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Unformatted text preview: e up." Before I knew it, the fear had gone and I was fighting him with such fierceness and fury that
in amazement he ran away. So a rat, cornered, becomes fierce and blood-thirsty and there is always the
danger, in the use of fear as a weapon, that it become changed quite readily into the fighting spirit.
7. Anger is a primitive reaction and is the backbone of the fighting spirit. It tends to displace fear, though it
may be combined with it, in one of the most unhappy --because helpless--mental states. Anger in its
commonest form is a violent energizer and in the stiffened muscles, the set jaw, bared teeth, and the
forward-thrust head and arms one sees the animal prepared to fight. Anger is aroused at any obstruction, any
threat or injury, from physical violences to the so-called "slight." In fact, it is the intent of the opponent as
understood that makes up the stimulus to anger in the human being. We forgive a blow if it is accidental, but
even a touch, if in malice or in contempt, arouses a fierce reaction.
We call becoming angry too readily "losing the temper," and there is a type known as the irascible in whom
anger is the readiest emotion. The bluff English squire, the man in authority, is this type, and his anger lasts.
In its lesser form anger becomes irritability, a reaction common to the neurotic and the weak. When anger is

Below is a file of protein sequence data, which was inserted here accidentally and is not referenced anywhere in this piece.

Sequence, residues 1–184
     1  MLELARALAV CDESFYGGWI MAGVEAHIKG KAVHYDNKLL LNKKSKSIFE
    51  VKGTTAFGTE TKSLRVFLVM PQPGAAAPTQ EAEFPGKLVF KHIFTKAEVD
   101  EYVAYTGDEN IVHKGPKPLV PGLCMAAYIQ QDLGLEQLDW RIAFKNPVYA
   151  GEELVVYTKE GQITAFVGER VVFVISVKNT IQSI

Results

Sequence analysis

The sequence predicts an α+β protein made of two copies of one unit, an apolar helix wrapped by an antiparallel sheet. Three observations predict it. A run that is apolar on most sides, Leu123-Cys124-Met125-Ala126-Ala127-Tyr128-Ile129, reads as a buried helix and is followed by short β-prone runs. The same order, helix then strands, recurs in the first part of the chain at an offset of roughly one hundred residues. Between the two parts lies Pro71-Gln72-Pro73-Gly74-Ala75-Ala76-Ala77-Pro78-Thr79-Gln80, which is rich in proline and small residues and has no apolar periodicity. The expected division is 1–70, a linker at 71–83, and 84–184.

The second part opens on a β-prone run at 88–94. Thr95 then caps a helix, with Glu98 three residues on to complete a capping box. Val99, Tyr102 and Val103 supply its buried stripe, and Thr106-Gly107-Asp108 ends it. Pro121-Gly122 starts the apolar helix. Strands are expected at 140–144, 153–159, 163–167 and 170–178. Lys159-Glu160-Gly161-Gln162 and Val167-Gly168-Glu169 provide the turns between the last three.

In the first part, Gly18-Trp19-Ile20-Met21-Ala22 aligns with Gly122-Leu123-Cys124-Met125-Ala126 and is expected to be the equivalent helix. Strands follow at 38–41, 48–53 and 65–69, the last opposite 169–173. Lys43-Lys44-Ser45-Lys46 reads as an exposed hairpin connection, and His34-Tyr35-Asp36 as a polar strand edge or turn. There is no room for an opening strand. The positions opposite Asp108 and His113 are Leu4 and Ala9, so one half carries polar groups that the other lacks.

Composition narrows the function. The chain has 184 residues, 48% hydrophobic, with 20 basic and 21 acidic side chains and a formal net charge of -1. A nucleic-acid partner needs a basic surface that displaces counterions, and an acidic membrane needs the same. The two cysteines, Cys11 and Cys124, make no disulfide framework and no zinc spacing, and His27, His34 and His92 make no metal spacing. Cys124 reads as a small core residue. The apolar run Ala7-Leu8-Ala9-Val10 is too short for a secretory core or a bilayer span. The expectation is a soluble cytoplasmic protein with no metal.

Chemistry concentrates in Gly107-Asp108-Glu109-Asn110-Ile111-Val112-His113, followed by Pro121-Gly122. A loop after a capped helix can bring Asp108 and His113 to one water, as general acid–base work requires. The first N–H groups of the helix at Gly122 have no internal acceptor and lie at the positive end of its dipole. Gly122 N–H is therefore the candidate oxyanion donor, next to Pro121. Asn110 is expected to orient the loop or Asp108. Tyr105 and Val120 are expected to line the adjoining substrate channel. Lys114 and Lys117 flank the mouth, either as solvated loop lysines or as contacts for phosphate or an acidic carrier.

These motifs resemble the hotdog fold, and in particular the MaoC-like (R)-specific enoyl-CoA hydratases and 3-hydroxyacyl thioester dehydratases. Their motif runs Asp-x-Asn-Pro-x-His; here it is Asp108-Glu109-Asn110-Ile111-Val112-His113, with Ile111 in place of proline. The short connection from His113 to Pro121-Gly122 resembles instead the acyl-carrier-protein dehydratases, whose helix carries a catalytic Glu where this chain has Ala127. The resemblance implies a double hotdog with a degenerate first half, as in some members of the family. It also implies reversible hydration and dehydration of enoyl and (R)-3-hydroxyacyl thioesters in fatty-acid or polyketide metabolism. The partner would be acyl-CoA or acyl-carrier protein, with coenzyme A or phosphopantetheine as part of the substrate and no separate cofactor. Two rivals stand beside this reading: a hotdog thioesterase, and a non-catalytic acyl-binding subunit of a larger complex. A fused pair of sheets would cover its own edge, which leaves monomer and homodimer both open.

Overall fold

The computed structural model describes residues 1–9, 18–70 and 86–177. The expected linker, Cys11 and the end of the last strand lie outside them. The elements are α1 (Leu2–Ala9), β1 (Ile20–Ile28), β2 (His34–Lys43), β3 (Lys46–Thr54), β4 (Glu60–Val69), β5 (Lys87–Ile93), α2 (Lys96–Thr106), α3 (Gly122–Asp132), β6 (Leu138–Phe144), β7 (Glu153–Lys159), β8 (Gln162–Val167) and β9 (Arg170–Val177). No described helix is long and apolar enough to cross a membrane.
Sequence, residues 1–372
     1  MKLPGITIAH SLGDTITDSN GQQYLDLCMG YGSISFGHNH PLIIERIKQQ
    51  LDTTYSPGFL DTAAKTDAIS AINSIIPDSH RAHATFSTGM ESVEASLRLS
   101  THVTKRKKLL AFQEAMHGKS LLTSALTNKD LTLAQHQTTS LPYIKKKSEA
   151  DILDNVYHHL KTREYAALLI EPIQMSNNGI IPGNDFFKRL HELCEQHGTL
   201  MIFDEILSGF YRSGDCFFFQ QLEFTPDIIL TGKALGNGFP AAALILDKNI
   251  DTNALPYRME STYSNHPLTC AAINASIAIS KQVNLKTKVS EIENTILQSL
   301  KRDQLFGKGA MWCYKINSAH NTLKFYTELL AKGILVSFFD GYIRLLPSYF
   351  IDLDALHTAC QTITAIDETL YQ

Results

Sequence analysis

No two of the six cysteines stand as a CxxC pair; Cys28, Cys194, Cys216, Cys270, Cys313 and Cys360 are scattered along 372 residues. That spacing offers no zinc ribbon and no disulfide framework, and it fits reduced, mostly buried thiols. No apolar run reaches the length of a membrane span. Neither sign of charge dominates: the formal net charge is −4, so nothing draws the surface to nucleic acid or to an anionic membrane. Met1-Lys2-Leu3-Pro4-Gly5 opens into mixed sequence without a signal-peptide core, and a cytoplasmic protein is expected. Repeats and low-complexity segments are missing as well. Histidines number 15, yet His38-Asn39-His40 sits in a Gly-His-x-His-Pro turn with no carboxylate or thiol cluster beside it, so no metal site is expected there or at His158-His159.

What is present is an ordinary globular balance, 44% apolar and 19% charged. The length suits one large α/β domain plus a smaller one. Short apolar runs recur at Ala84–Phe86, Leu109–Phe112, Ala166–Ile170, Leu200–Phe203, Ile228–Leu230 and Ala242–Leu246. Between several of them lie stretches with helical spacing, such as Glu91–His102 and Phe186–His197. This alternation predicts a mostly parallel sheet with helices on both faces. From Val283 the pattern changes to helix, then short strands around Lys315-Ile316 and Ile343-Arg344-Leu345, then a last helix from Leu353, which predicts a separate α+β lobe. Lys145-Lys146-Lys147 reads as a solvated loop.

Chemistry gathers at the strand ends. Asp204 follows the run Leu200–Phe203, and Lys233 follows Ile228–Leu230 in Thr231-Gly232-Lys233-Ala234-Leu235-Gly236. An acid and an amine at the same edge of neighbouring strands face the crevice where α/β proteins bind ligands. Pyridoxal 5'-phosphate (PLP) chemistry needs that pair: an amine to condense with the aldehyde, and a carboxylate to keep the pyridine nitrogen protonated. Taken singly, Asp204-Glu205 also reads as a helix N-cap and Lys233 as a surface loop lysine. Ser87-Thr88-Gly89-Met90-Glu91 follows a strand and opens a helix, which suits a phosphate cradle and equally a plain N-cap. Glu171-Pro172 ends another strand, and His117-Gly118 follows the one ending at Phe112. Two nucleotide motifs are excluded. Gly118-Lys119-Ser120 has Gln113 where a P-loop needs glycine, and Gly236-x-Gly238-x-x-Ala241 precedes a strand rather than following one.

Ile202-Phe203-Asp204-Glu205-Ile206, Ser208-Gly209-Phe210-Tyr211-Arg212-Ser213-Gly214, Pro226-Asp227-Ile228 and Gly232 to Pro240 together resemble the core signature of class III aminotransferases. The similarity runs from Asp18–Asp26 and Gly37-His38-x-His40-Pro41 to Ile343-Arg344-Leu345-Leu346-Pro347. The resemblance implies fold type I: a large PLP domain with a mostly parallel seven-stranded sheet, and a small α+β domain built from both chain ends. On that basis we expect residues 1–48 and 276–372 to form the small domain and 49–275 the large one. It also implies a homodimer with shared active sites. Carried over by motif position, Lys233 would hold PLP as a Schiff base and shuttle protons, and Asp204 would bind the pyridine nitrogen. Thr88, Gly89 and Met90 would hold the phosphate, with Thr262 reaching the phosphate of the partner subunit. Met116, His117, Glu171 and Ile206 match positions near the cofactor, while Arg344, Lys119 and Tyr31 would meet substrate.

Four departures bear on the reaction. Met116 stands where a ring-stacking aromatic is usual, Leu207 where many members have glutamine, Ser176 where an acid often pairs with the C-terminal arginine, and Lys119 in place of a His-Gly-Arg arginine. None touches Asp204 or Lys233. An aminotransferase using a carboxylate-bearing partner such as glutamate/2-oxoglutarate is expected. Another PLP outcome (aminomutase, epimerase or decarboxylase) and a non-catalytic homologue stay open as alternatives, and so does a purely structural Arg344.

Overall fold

not frank, but manifests itself by a lowered brow and sidelong look, we speak of sullenness or surliness. The
sullen or surly person, chronically ill-tempered and hostile, is regarded as unsocial and dangerous, whereas the
most lovable persons are quick to anger and quick to repent.
As a man's anger, so is he. There are some whose anger is always a reaction against interference with their
comfort, their dignity, their property and their will; it never by any chance is aroused by the wrongs of others.
Usually, however, these folk camouflage their motive. "It's the principle of the thing I object to," is its
commonest social disguise, which sometimes successfully hides the real motive from...
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This note was uploaded on 09/26/2011 for the course PSYCHOLOGY 110 taught by Professor Kannan during the Spring '11 term at Anna University Chennai - Regional Office, Coimbatore.
- Spring '11